1887

Abstract

Summary: Studies of flavivirus virulence have focussed on variants with differing neurovirulence or neuroinvasiveness in animal models, with the majority based on determining the contribution of viral structural proteins, in particular the envelope glycoprotein. Specific virulence determinants on protein E have recently been identified by the application of several experimental techniques such as selection and characterization of neutralization escape variants in the presence of anti-E protein MAbs or by site-directed mutagenesis of the E gene of infectious cDNA clones (see Fig. 2, Tables 2 And 3). However, the association of particular amino acid substitutions in protein E with loss of neurovirulence and/or neuroinvasiveness appears to be dependent on the virus system under study and thus the mechanism by which protein E controls these two virulence phenotypes is unclear. Existing data show that neurovirulence and neuroinvasiveness determinants map to identical regions of protein E, including the lateral surface of domain III (the putative receptor binding site) and the base of domain II (thought to be involved in pH-dependent fusion activity). Attenuation of some domain II and III variants is associated with changes in binding to cell membrane proteins or in pH-dependent fusion activity, suggesting that defects in the early events of virus replication are responsible for virulence attenuation. A small number of amino acid changes in domain I are associated with attenuation of virulence, including mutations in the protein E glycosylation site which result in significant reductions in viral glycoprotein expression. The mechanism of attenuation associated with other mutations in domain I is unknown. Several studies have identified putative neurovirulence determinants within other regions of the genome (e.g. non-structural protein genes, 3′ UTR), and in one example the mutation attenuates neurovirulence without alteration in neuroinvasiveness. Further work is necessary to map neurovirulence determinants within these regions. It is likely that significant advances in this field will come from the application of infectious cDNA clone technology.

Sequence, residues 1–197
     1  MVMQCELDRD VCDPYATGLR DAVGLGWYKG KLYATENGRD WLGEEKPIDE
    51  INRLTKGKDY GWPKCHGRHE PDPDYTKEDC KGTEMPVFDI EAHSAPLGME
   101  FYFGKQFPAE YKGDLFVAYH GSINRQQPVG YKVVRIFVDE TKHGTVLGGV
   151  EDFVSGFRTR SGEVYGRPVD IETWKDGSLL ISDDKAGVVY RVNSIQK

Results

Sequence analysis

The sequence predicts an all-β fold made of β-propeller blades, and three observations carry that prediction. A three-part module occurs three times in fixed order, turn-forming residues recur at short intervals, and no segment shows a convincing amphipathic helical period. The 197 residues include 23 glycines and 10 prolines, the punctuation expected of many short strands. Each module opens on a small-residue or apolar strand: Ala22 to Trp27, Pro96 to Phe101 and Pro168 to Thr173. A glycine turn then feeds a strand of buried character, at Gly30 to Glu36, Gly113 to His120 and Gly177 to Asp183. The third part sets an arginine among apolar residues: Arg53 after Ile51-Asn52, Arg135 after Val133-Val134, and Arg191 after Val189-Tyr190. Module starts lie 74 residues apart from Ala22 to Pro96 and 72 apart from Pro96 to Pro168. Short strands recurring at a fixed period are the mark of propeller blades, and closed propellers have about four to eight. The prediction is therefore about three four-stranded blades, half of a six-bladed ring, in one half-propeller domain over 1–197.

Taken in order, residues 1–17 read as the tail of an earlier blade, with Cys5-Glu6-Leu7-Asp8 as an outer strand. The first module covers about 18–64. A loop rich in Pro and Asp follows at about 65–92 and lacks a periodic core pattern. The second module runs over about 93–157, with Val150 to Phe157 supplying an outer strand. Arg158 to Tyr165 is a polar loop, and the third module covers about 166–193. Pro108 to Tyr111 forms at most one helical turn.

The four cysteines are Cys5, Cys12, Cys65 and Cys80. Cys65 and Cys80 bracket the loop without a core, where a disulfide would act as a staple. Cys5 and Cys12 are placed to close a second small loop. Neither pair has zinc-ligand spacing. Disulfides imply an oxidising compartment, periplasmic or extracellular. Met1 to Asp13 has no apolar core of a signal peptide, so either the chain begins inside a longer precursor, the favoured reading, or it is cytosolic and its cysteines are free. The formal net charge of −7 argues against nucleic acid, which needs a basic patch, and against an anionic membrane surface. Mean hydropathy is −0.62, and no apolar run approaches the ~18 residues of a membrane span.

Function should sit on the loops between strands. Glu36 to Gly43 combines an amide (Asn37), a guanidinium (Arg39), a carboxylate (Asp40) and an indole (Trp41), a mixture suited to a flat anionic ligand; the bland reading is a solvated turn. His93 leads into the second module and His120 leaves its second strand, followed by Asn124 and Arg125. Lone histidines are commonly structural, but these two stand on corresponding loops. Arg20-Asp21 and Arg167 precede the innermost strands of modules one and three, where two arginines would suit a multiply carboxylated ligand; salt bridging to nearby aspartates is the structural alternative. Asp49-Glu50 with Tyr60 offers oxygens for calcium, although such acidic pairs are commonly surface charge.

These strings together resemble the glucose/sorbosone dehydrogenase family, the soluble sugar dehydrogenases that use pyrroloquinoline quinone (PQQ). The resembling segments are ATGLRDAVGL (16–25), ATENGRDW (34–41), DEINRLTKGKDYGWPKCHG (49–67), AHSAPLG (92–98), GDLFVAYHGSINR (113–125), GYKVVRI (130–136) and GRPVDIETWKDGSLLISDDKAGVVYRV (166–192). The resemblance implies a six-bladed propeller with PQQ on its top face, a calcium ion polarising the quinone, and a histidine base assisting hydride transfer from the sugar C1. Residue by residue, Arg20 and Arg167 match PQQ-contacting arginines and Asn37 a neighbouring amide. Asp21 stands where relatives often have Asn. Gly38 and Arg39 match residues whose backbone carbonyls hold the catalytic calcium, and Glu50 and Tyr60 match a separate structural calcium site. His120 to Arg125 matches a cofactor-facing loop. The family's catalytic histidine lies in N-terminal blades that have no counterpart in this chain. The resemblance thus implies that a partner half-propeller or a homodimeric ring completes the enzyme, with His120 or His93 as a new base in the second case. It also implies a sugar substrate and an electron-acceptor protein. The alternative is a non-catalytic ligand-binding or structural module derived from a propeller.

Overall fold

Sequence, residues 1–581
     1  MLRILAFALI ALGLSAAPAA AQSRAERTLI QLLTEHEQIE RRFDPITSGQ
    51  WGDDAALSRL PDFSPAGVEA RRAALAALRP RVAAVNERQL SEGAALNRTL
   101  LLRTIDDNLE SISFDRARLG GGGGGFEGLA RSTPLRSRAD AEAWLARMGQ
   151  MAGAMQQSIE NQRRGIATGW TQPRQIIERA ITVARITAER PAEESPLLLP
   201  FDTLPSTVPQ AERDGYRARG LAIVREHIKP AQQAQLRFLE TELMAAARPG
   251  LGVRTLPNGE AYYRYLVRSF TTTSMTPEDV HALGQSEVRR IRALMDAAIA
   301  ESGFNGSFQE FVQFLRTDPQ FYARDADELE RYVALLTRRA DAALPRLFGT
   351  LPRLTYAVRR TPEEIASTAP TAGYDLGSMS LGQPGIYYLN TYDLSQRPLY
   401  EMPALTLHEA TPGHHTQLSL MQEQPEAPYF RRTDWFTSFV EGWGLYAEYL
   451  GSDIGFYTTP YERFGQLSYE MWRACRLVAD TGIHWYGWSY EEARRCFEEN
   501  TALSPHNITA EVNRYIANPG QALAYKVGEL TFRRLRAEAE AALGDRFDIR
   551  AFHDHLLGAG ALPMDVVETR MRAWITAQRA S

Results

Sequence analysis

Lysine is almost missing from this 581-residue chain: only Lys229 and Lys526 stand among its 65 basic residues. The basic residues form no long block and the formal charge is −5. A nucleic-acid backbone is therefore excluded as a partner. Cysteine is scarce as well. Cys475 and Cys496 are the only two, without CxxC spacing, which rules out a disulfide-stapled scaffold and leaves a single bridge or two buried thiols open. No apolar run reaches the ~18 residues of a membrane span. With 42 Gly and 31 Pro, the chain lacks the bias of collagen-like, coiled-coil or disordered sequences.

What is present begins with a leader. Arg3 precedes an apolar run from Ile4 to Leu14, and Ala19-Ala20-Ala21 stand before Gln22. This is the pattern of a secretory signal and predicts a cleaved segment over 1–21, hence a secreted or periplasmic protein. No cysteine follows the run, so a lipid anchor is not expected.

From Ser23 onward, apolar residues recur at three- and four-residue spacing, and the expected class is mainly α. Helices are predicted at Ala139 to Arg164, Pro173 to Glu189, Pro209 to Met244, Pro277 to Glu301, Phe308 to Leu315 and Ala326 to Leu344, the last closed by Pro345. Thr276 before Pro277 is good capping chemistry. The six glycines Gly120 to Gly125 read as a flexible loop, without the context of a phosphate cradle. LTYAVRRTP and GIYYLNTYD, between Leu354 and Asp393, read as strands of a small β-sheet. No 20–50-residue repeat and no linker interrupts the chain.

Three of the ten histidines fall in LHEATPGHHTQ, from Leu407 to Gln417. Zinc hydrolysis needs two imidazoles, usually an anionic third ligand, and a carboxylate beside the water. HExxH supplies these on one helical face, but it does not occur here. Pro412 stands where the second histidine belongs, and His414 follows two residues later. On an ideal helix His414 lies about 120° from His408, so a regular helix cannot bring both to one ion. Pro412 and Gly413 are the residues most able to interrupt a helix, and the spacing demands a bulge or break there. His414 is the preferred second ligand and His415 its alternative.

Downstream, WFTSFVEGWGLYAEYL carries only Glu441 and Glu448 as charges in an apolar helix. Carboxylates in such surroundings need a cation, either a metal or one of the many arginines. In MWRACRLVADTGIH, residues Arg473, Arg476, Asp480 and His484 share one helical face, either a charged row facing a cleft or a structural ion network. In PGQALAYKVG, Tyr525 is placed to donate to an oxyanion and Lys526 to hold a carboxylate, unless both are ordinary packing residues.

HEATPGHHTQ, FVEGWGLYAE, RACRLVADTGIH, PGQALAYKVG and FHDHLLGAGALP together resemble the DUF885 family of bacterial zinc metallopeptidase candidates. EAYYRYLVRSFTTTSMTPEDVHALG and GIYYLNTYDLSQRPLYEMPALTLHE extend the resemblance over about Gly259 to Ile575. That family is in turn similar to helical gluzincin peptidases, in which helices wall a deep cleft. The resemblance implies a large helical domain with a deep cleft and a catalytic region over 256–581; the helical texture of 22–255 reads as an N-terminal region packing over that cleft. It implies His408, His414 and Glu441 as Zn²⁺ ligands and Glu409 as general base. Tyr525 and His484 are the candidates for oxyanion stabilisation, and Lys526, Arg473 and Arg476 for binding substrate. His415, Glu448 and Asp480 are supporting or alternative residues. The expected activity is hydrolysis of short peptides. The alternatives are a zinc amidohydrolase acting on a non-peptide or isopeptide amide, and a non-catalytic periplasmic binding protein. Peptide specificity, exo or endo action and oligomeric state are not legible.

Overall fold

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1997-11-01
2024-06-17
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